Well, I suppose we could, and we could also extrapolate any number of biased theories from the movie’s plot points, if that’s all we wanted to do. What I find especially bothersome about the blog is its implication that the movie is laughing derisively at a woman who finds herself pregnant and, though she is supposedly married, has no father to speak of for her baby. (In a reply to a query from one of the blog’s readers, the blog answers, “I feel for [Trudy’s] distress — if the movie would allow it, but it does not, and that is why it’s made up of laughter betrayed.”)

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But I don’t see it that way at all. The movie takes quite seriously Trudy and her young sister Emmy’s (Diana Lynn) reactions to the news of Trudy’s pregnancy, and their dread of how apoplectically their stern father Edmund (William Demarest) will react to the news.

The blog also opines that Sturges “has [female] characters say they cover up for and prefer men who hurt them.” Where’d they get that one?? Norval, who has pined over Trudy ever since they were in grade school, wants nothing more than the best for Trudy. Widowed father Edmund is shown to be far more bark than bite, softening up quite a bit as the movie progresses.

There are plenty of laughs to be had in The Miracle of Morgan’s Creek, but none of them occur by cheapening the characters or making fun of Trudy’s very real plight. And along with the laughs comes plenty of pathos, of the kind that Chaplin surely would have applauded. It appears that, when it comes to Preston Sturges, Ellen and Jim have a chip on their shoulders, two.

Announcing THE YEAR AFTER YEAR BLOGATHON!

Can you believe that another year is almost over? As this is an entertainment blog, let’s celebrate year’s end in a (b)logical way by indulging in…

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Rules for the Blogathon

  1. I would like your entry to be about any movie with a time span of at least one year, which can involve: (a) a movie in which the characters age over the course of a year or more; (b) time-travel movies; or (c) anthology movies with segments involving different eras or periods of time.
  2. If you can come up with a variant not listed above that still involves a time span of a year or more, let me know and I’ll accept it if it fits. Please do not ask for a movie whose time span is less than a year. For example, movies such as Glengarry Glen Ross and Pulp Fiction definitely “play” with time, but in a far shorter time span than one year.
  3. Sorry, no duplicate posts. There are enough time-span movies that you should be able to choose one of your own. Please review the entry list below (which will be updated regularly) to ensure that your choice isn’t already taken.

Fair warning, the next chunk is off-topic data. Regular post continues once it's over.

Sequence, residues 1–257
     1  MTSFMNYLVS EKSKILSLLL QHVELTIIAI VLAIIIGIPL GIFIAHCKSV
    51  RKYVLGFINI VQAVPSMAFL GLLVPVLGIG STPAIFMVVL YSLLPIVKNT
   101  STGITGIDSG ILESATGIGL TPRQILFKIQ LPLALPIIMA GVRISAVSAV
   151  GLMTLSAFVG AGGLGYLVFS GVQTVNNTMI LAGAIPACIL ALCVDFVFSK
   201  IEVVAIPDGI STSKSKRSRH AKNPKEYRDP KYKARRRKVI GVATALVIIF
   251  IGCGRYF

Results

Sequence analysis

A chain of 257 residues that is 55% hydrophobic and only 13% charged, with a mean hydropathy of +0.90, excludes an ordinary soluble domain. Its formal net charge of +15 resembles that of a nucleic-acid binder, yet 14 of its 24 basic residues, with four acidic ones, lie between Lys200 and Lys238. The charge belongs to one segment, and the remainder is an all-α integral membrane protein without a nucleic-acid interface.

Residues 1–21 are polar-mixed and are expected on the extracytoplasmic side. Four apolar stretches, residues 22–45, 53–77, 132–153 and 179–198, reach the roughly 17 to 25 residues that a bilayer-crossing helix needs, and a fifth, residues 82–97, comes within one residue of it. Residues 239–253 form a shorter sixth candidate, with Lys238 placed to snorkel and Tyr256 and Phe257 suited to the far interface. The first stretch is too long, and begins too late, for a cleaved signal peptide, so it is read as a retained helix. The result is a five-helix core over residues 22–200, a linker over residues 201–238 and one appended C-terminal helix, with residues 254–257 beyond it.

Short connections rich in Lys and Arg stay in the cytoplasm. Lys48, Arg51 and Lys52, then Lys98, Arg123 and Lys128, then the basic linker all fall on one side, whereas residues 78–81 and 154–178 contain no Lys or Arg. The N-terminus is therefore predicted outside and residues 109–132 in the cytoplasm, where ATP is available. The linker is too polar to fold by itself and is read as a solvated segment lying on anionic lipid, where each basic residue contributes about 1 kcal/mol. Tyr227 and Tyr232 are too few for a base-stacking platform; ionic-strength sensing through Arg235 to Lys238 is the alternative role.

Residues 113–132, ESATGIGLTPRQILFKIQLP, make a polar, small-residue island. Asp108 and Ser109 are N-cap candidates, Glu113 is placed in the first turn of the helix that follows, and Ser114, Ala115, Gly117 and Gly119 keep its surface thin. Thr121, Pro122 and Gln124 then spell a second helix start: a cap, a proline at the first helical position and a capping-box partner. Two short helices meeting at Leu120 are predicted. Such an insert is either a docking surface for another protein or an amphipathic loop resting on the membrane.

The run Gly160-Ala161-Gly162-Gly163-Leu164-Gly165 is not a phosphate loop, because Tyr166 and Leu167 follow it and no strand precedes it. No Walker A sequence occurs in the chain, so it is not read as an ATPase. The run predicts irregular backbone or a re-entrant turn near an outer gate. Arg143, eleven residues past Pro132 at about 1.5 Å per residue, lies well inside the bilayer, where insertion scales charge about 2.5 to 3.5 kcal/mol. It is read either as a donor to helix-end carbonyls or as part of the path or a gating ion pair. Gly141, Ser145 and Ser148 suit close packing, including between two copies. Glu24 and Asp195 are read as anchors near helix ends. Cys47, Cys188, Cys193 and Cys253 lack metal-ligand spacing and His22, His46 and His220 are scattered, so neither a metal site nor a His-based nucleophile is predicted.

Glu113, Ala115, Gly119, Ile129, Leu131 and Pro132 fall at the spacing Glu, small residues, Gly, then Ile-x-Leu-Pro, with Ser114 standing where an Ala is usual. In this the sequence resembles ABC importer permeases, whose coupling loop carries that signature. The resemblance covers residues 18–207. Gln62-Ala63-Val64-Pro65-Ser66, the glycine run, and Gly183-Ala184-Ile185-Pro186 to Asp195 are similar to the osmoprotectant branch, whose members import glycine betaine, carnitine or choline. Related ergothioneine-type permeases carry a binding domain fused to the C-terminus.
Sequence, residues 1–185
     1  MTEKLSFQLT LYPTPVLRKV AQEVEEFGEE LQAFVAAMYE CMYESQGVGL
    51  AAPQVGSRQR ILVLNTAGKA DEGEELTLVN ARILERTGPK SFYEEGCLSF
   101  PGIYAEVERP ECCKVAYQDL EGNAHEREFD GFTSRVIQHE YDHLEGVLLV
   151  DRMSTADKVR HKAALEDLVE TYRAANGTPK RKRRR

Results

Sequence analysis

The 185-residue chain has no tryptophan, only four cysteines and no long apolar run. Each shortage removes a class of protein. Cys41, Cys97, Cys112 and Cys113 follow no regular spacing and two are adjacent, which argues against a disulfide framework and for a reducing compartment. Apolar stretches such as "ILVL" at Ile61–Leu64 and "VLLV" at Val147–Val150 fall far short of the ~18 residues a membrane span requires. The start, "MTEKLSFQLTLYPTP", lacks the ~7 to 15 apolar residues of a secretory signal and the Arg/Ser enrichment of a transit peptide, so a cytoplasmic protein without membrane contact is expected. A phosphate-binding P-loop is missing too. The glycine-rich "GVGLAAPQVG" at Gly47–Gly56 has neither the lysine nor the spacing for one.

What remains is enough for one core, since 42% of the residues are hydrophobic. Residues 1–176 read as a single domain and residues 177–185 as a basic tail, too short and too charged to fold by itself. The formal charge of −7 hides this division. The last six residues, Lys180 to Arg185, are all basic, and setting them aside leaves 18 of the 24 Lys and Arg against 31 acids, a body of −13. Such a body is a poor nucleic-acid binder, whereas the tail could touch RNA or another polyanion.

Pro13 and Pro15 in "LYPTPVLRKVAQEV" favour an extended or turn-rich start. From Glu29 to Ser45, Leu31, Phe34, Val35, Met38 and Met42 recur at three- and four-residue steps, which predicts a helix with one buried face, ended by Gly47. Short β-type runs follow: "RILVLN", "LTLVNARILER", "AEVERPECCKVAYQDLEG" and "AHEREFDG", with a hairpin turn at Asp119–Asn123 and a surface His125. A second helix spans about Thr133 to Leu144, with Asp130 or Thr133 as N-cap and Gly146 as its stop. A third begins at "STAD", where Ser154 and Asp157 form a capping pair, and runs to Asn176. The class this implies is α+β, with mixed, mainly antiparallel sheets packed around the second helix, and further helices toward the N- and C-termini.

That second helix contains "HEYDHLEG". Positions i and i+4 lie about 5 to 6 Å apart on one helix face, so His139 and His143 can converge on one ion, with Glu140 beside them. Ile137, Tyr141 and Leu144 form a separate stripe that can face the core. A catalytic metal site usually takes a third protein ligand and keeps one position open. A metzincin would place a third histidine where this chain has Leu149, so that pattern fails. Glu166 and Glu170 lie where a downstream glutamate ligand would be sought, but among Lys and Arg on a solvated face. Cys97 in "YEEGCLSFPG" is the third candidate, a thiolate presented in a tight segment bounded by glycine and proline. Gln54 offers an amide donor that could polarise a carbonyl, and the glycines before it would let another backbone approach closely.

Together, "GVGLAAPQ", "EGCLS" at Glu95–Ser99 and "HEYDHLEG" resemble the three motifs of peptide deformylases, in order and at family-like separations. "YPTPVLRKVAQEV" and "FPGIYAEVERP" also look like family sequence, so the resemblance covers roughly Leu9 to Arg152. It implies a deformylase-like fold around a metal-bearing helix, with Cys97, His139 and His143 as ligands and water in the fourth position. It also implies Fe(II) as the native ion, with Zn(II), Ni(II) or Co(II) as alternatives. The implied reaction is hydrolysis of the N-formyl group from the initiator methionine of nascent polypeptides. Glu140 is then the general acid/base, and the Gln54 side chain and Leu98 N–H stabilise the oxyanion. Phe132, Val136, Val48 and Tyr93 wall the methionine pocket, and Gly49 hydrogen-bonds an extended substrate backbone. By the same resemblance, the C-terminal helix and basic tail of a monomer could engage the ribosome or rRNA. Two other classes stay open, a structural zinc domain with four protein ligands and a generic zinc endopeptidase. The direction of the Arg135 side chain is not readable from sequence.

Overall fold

How Do I Join the Blogathon?

In the “Comments” section at the bottom of this blog, please leave your name, the URL of your blog, and the movie you are choosing to blog about. At the end of this blog entry are banners for the ‘thon. Grab a banner, display it on your blog, and link it back to this blog.

The blogathon will take place from Friday, Jan. 4 through Sunday, Jan. 6, 2019. When the opening date of the blogathon arrives, leave a comment here with a link to your post, and I will display it in the list of entries (which I will continually update up to the beginning of the ‘thon, so keep checking back!).

I will not be assigning particular dates to any blog posts. As long as you get your entry in by the end of the day on Jan. 6, I will be satisfied. (That said, the earlier the better!)

Again, be sure to leave a comment below and grab a banner, and have fun with your blog entry! Here’s the line-up so far:

Movie Movie Blog Blog – History of the World Part I

A Shroud of Thoughts – Meet Me in St. Louis

The Stop Button – Raging Bull

thoughtsallsorts – Before Sunrise, Before Sunset, and Before Midnight

Realweegiemidget Reviews – Love and Mercy

The Observation Post – The Best Years of Our Lives

Moon in Gemini – Little Women (1994)

Taking Up Room – Blast from the Past

The Midnite Drive-In – Groundhog Day

In the Good Old Days of Classic Hollywood – Portrait of Jennie

Movierob – The Birth of a NationSame Time Next Year, and Sunshine

Dubsism – The Four Seasons

Dell on Movies – Malcolm X